(The X-factor here is Eric Hosmer. The Padres are said to be willing to attach a top prospect to Hosmer to unload the four years and $59 million remaining on his contract. If they succeed in unloading Hosmer, freeing up that money opens up a world of outfield/DH possibilities.)

In-house DH candidates: Wilmer Flores, Tommy La Stella, Darin Ruf, Austin Slater, and many more

No team maximized its roster through platoons and versatility more than the 107-win Giants a year ago. They had more quality players than roster spots, and it stands to reason they will take advantage of the DH spot as well as any NL team. That said, you can only carry so many position players. It's not like the Giants could just add two hitters to their roster and built another super productive platoon at DH. Roster spots are a finite resource. Their maneuverability is limited.

San Francisco let Kevin Gausman leave and the Giants don't seem inclined to re-sign Kris Bryant, indicating they won't hand out a large contract this winter. Smaller deals (like the Alex Cobb, Anthony DeSclafani, and Alex Wood contracts) may be their strategy. Even though the Giants have more than enough in-house DH candidates, I wonder whether president of baseball operations Farhan Zaidi would look into Joc Pederson, who he knows from his Dodgers days, or Brad Miller, who has a skill that can be leveraged in his ability to punish righties. The Giants don't have to bring in a DH, though they can also jump on anything that makes sense and adds to their already impressive organizational depth.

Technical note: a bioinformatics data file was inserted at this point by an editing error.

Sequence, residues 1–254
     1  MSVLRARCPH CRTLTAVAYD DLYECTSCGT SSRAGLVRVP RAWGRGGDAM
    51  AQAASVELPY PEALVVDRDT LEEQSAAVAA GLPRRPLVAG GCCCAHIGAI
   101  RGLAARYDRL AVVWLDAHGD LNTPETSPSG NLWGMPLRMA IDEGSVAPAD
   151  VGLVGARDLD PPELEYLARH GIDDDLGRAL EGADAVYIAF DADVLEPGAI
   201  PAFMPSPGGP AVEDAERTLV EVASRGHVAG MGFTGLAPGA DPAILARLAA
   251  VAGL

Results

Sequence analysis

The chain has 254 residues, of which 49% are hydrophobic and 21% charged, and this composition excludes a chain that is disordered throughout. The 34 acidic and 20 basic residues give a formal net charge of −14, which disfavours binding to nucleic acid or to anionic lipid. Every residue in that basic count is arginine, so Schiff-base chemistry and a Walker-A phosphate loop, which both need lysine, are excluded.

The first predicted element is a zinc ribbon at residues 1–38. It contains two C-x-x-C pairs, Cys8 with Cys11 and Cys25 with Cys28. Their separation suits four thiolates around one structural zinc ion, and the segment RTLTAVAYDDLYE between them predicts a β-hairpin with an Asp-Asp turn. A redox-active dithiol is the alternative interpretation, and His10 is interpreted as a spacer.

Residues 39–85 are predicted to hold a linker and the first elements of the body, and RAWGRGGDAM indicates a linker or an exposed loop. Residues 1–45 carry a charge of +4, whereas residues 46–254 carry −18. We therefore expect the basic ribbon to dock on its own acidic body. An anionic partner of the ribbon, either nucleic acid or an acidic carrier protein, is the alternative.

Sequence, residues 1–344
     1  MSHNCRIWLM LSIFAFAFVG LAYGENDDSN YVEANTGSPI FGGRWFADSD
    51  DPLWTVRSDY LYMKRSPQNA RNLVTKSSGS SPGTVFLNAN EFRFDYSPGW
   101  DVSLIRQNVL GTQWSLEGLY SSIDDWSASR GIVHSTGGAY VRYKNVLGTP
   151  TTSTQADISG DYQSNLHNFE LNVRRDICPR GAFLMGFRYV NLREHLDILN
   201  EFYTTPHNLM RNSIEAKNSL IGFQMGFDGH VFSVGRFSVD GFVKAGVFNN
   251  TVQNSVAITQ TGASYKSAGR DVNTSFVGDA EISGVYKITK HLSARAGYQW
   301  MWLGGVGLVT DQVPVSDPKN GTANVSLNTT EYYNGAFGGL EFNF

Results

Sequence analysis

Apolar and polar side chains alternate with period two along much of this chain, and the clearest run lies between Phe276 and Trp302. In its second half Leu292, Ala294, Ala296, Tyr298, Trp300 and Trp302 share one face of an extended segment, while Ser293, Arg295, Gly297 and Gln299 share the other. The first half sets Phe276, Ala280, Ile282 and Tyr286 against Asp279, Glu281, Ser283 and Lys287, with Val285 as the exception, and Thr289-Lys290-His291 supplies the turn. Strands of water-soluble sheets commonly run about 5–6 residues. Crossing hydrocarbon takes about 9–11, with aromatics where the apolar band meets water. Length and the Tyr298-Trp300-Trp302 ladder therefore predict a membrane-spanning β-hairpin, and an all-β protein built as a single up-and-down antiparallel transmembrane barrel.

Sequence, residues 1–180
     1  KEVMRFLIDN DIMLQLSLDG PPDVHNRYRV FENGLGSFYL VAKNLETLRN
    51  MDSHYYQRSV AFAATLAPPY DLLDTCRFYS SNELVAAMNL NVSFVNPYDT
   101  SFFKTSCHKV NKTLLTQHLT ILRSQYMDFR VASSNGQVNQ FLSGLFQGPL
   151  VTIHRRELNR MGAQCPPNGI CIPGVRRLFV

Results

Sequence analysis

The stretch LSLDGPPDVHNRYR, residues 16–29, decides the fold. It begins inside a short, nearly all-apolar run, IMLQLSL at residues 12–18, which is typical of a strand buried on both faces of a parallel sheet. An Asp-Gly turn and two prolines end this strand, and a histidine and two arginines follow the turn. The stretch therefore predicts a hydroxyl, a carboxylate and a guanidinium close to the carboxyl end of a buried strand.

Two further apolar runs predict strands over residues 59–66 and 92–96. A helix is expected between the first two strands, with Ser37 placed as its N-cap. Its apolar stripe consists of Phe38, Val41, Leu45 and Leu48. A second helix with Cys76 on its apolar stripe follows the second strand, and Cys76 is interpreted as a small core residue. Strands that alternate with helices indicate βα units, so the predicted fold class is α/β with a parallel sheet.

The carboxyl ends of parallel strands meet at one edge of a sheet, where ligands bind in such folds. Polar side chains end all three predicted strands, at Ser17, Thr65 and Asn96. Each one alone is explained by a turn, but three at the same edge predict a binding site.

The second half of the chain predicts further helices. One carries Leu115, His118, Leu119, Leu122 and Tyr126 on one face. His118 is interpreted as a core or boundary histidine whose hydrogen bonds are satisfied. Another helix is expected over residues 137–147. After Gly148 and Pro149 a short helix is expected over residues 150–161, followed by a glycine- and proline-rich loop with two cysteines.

In-house DH candidates: Yadiel Hernandez

Realistically, this comes down to whether Ryan Zimmerman decides to play in 2022. He received what appeared to be an emotional farewell in the final game this year, but, in November, Zimmerman told 106.7 FM The Fan that "I still definitely am planning on playing (in 2022)." If Zimmerman returns in 2022, then he and Josh Bell will share first base and DH duty, and that'll be that. If not, then the Nationals will have to pivot.

The great Juan Soto is locked into right field. That leaves the lefty-hitting Hernandez and Andrew Stevenson, and the righty-hitting Lane Thomas and Victor Robles, to share the other two outfield positions. Washington could simply play three of the four on any given day and use the DH spot that way. Bringing in a veteran bat wouldn't be a bad idea, even if it's just someone the club could flip at the trade deadline a la Kyle Schwarber in 2021. Does Tommy Pham work? Bottom line, the DH spot is Zimmerman's unless he decides to hang up his spikes.